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Why This Motorsport Giant Might Be Tricky Business
Posted by: Patricio Kehoe (IP Logged)
Date: February 6, 2014 10:26AM

There are few company names that come to mind when talking about the motorsports industry, and International Speedway Corporation (ISCA) is one of them. This market giant operates 13 motorsports stadiums, including the infamous Daytona 500 and Talladega Superspeedway and hosts over 100 events during the racing season. The firm relies on the motorsport segment for 70% of its revenue, and is majority owned by the France family, which also owns the privately held NASCAR. However, this once popular sport has lost some of its fame from the 2000s and today, it might not be the most profitable business. Let’s take a look at what might have motivated investment guru David Dreman (Trades, Portfolio) to sell out his company shares.

Back and Forth in a Monopoly

The motorsports industry is a natural monopoly at the local level, since only one racetrack can hold NASCAR events in each market, and until now, International Speedway has won this battle. Nevertheless, over the past five years, this company has suffered under declining ticket and concession spending, due to a weak demographic fan base located in troubled geographies. Although recent racetrack changes and customer stabilization will leave ISCA well positioned when spending power increases once again, this is bound to happen at a slow pace. However, the distinct properties of each racetrack attract high brand loyalty, and have compelled competitors like Speedway Motorsports Inc. (TRK) to focus business on completely different markets, therefore posing no real threat to ISCA.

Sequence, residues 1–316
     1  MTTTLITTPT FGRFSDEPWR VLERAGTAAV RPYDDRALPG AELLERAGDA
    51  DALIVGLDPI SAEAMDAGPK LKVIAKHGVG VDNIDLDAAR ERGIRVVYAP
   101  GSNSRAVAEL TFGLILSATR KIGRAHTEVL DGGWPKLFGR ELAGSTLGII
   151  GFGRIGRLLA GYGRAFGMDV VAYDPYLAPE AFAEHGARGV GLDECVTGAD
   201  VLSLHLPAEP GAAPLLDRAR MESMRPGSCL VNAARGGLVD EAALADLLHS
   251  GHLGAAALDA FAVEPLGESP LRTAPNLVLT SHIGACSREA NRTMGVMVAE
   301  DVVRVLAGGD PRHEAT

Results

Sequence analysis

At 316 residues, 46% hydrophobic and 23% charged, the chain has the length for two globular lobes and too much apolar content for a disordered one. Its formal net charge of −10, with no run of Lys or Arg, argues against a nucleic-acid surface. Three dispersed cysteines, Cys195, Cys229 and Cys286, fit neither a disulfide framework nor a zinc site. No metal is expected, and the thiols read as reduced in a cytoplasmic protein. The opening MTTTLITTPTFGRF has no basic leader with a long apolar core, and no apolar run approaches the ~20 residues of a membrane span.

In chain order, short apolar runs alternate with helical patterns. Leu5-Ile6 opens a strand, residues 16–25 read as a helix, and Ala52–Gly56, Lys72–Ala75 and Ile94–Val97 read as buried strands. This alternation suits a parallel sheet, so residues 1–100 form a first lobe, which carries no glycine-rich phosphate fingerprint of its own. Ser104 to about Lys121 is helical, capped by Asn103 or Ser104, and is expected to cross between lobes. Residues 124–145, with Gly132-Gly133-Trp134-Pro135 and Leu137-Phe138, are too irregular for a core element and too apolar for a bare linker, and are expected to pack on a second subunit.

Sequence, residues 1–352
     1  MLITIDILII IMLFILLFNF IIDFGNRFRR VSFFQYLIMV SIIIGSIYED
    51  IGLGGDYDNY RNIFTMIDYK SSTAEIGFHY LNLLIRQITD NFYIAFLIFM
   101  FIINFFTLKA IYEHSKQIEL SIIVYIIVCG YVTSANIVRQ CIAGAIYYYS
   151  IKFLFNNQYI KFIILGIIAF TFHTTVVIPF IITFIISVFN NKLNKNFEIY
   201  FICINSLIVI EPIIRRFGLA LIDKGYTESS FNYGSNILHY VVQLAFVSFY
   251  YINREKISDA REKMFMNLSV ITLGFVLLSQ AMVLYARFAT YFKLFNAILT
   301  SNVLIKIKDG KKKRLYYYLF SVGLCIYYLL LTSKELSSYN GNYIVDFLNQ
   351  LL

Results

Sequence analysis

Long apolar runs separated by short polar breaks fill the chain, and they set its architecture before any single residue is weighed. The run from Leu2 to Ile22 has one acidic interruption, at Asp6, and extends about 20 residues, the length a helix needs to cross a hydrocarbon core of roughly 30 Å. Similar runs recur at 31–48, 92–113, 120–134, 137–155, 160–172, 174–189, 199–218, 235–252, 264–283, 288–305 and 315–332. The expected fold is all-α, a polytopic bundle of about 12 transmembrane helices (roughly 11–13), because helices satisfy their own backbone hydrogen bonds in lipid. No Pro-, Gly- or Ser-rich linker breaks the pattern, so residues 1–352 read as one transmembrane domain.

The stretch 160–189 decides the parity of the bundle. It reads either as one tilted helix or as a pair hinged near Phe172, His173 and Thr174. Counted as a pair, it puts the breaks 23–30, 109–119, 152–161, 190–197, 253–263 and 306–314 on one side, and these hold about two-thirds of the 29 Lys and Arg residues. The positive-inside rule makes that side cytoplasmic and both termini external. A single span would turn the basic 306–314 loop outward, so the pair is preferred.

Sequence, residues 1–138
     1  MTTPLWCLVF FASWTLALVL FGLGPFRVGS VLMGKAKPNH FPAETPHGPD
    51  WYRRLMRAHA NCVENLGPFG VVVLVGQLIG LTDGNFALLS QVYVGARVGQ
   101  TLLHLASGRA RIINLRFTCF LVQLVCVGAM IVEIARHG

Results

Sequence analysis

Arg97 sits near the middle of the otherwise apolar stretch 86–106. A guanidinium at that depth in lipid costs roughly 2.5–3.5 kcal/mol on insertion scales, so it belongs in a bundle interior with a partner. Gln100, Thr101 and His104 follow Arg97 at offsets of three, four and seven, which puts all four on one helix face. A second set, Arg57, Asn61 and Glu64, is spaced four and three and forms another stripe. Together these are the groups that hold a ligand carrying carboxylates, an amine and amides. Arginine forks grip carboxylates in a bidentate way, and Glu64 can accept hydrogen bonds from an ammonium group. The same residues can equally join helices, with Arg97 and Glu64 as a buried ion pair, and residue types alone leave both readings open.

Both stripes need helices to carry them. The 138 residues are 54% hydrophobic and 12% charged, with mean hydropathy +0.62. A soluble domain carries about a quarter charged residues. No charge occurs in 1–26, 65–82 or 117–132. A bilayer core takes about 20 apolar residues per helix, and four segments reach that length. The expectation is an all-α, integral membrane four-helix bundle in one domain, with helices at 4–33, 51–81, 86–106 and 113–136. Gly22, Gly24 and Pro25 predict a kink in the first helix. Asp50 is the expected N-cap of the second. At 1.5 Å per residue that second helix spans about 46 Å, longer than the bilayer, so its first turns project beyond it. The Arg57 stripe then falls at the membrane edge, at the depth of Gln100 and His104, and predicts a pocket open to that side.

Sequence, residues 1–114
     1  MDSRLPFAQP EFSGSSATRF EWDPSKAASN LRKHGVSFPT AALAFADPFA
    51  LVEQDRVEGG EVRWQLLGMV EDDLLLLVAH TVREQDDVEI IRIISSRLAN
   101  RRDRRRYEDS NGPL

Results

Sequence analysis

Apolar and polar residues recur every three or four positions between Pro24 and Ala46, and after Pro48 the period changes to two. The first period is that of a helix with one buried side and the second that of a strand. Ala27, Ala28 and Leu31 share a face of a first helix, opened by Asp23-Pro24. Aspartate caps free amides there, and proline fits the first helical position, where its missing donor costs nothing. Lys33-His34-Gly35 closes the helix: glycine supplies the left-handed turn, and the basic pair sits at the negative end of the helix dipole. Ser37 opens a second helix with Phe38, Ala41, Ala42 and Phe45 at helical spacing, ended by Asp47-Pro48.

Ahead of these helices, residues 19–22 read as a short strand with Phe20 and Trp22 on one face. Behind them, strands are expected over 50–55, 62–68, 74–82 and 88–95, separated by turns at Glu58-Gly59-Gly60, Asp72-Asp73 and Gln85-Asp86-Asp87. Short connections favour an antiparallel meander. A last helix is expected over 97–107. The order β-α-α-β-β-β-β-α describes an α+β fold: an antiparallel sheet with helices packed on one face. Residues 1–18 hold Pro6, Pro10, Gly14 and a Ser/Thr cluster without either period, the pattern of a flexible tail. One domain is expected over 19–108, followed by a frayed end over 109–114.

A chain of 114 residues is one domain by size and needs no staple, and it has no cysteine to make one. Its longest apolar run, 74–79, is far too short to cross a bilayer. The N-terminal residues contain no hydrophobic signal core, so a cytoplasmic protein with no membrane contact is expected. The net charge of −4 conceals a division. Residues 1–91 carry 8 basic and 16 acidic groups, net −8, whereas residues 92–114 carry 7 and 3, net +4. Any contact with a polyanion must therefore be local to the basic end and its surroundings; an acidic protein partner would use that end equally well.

Given that a recession or high oil prices could lead to a strong decline in admissions and concessions revenue, as well as corporate sponsorships, the motorsport giant has been making active efforts to counterbalance its vulnerability. After the 2009 recession cut down on sales by 40% and motorsports lost some popularity, causing ROIC metrics to plummet from 17.7% (quarter four of 2008) to 6.2% in fiscal 2013, ISCA focused on improving its capital allocation strategy. The new Hollywood Casino at the Kansas Speedway racetrack, which the company is building in a joint venture with Penn National Gaming Inc. (PENN), is one of the measures taken to balance out revenue in case of headwinds.

Valuation and Contracts

One factor that plays in this firm’s favor is NASCAR’s long-term contracts with major TV networks and radio stations. The most recent deal is set to launch in 2015, and will bind the motorsport brand for 10 years to NBC and Twenty-First Century Fox Inc. (FOX), for a total of $8.2 billion (45% annual increase over the current contract). Although a more stable economic scenario may reignite concessionary spending among customers, and cause the motorsport segment to gain popularity again, the non-existent switching costs and alternative leisure choices could be detrimental to this company. Also, ISCA’s current $87.9 million cash flow will likely be stagnated by the new Daytona Ring Project, which is expected to cost $400 million over the next five years.

Furthermore, concerns remain regarding the company’s growth metrics, especially given their downward trend. For the fourth quarter in 2013, revenue showed negative growth of 0.5%, a downfall which ISCA has not been able to stall since 2007. Operating margins have also fallen by 9% in the past two years (currently at 12.8%), in addition to the below average (2.02%) dividend yield of 0.70%. Added to a premium P/E value of 33.00x trailing earnings, compared to the industry average of 22.40x, I feel bearish about this motorsports giant’s near-term profitability and see some uncertainty in the long-term future.

Disclosure: Patricio Kehoe holds no position in any stocks mentioned.



Stocks Discussed: ISCA, TRK, PENN, FOX,
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